Alastair Hagger’s concept was most forceful and Steve Jobson’s designs quite
brilliant. There was the BTV-type news-casting from the Rialto in Venice with
its by-line in Setswana; there was the parade of men who had come to try their
luck at marrying Portia as string puppets; there was the video clip of the
second suitor played as a woman trying her luck in a bathroom! There was the
merchant, Antonio, carrying a large and vicious looking puppet-dog; there were
the beautiful wire masks that many of the characters wore; there were the
shadow-puppets of contenders in the trial scene: not to forget the joker
Launcelot Gobo tearing up and dowen the supermarket aisles doing errands for
Yes, there was much to look at and marvel at and to help keep our attention from lapsing.
But, of course, the fact is that, once all this business was done, there were Shakespeare’s words that told the story. Did all this innovation and startling imagery help the story and make it palatable to today’s youth? Probably, to some extent, yes!
It was a most bold piece of theatre and a highly individualistic re-interpretation of an old play for today’s IT-savvy youth.
JOSEPH AND THE AMAZING TECHNICOLOR DREAMCOAT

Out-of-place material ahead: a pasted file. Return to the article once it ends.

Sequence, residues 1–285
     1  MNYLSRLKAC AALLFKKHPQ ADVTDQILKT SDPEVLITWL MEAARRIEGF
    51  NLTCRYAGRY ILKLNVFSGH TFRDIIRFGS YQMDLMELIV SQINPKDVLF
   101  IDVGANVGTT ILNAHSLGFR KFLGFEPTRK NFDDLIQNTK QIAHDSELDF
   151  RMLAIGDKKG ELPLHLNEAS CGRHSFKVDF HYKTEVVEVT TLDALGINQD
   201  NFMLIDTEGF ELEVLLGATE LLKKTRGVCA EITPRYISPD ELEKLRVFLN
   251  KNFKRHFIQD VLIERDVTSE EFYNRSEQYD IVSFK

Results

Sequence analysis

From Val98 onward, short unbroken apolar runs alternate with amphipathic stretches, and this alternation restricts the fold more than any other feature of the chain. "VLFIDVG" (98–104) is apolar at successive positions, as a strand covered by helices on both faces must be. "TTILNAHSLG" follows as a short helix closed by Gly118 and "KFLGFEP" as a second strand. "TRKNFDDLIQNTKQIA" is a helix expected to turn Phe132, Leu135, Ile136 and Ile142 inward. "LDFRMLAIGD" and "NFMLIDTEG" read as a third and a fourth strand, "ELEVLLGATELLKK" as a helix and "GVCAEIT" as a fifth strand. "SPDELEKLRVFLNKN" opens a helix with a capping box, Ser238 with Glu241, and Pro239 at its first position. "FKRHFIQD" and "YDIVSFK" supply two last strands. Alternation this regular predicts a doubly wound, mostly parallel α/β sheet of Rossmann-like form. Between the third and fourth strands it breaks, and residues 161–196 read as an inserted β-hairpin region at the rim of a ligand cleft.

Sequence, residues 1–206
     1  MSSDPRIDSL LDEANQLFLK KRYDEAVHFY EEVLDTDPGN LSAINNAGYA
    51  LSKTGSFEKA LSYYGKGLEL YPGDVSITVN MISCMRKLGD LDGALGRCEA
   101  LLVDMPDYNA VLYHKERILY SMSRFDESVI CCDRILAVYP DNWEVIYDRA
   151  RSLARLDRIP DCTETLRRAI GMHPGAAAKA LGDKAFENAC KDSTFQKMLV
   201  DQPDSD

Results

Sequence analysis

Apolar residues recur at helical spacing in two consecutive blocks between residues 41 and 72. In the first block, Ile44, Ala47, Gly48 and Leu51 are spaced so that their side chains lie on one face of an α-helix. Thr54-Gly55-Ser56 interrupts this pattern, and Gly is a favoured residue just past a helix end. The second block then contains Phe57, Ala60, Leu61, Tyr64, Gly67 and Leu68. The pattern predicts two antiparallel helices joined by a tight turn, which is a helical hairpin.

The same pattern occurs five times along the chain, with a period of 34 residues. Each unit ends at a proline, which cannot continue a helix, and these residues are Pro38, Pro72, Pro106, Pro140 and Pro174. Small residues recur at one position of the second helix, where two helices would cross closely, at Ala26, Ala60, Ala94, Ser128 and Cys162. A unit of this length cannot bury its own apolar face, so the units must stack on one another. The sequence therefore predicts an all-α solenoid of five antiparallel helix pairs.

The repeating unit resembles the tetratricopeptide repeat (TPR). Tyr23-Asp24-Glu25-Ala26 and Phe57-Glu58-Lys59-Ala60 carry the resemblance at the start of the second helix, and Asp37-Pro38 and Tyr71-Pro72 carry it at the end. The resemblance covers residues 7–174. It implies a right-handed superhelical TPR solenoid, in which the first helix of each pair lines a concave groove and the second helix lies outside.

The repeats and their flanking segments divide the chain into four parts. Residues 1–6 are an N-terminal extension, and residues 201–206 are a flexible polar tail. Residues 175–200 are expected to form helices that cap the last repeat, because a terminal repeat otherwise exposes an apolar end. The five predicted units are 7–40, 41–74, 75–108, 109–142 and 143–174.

24th June - 14th July 2012
Being the Director of Maitisong means that you get congratulated for whatever goes on there - whether or not you had anything to do with the show. I took over from Ros Beukes as Director of Maitisong halfway through the run of Joseph and the Amazing Technicolor Dreamcoat. I came in for much congratulations; people shaking their heads and saying, “That was truly amazing”. I would say “Thank you very much, but you really ought to be saying that to Stuart White and his crew.” They knew that, of course, but wanted to say something to someone there and then and I was usually closer by than Stuart.
Joseph ran for an astonishing 19 shows, not counting Press Previews and the like. Many were sold out. The public loved it and, as is the case in Gabs, the word soon spread and the queues at the ticket office lengthened and people tried to persuade me to use my influence to get them in! No one actually offered a bribe, unfortunately.
The show’s catchy Lloyd Webber tunes, the dazzling set, the brilliant costumes, the cool choreography, the sentimental story, and, above all, the exuberance of the young cast all made an intoxicating mix that wowed the audiences over and over.
Ah, and more to add to that mix: discipline, hard work, commitment and long hours: these all showed in the precision of the acting and stage work. It’s what makes the difference.